The Collected Essays and Criticism, by Clement Greenberg, edited by John O'Brian
Art and Culture
The Collected Essays and Criticism.
by Clement Greenberg.
Edited By John O’Brian University of Chicago Press. Volume I: Perceptions and Judgments, 1939-1944. 270 Pp. $27.50. Volume II: Arrogant Purpose, 1945-1949. 353 Pp. $27.50.
Clement Greenberg is widely regarded as the most important art critic of his generation. Perhaps best known for his early and vigorous championing of abstract art, Greenberg was one of the first to appreciate the distinctive achievement of what has come to be known as Abstract Expressionism. Already in 1944, for example, Greenberg wrote that Jackson Pollock’s second one-man show “establishes him, in my opinion, as the strongest painter of his generation.” But Greenberg’s stature as a critic does not rest simply on his prescient enthusiasm for artists like Pollock, David Smith, and Robert Motherwell. Indeed, it does not rest solely on art criticism of any stripe.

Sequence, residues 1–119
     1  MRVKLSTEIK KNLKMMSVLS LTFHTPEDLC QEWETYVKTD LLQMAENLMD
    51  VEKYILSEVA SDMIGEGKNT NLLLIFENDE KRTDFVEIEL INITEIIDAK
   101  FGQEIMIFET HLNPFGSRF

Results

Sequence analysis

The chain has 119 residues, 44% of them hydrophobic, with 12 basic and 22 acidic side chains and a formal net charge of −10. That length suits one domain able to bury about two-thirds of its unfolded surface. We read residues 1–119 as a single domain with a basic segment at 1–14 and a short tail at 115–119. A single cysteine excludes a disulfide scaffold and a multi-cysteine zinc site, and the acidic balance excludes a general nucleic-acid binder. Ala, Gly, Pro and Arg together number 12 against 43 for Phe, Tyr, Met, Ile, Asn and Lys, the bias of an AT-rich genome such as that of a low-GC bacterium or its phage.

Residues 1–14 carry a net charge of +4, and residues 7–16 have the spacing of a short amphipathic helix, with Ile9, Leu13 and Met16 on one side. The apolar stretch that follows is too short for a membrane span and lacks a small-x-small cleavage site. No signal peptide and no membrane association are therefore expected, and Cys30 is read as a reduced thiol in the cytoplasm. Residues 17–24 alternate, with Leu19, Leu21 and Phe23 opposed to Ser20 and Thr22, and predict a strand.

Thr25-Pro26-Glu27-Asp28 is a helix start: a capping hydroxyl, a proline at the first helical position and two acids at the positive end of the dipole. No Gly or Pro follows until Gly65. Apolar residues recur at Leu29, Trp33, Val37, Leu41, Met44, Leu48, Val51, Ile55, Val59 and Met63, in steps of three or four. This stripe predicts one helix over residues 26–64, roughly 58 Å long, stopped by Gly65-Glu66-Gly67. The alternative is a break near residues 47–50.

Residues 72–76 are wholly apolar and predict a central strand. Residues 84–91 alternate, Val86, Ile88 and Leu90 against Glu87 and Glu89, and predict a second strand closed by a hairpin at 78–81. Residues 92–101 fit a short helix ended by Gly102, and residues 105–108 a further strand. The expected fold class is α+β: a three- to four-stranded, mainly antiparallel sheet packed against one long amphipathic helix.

For Greenberg’s passion has been not simply for art, but for the life of high culture generally, and though he has undoubtedly written more on the visual arts than on any other single subject, his career as a critic has embraced a wide range of topics. He began as a literary critic and translator (he was one of the first to translate works by Franz Kafka and Bertolt Brecht into English), and he continued to be a distinguished practitioner of both activities while also writing about art, politics, general cultural matters, and working as an editor. In short, Greenberg is the very embodiment of that nebulous phenomenon of which one has heard so much lately, the New York intellectual.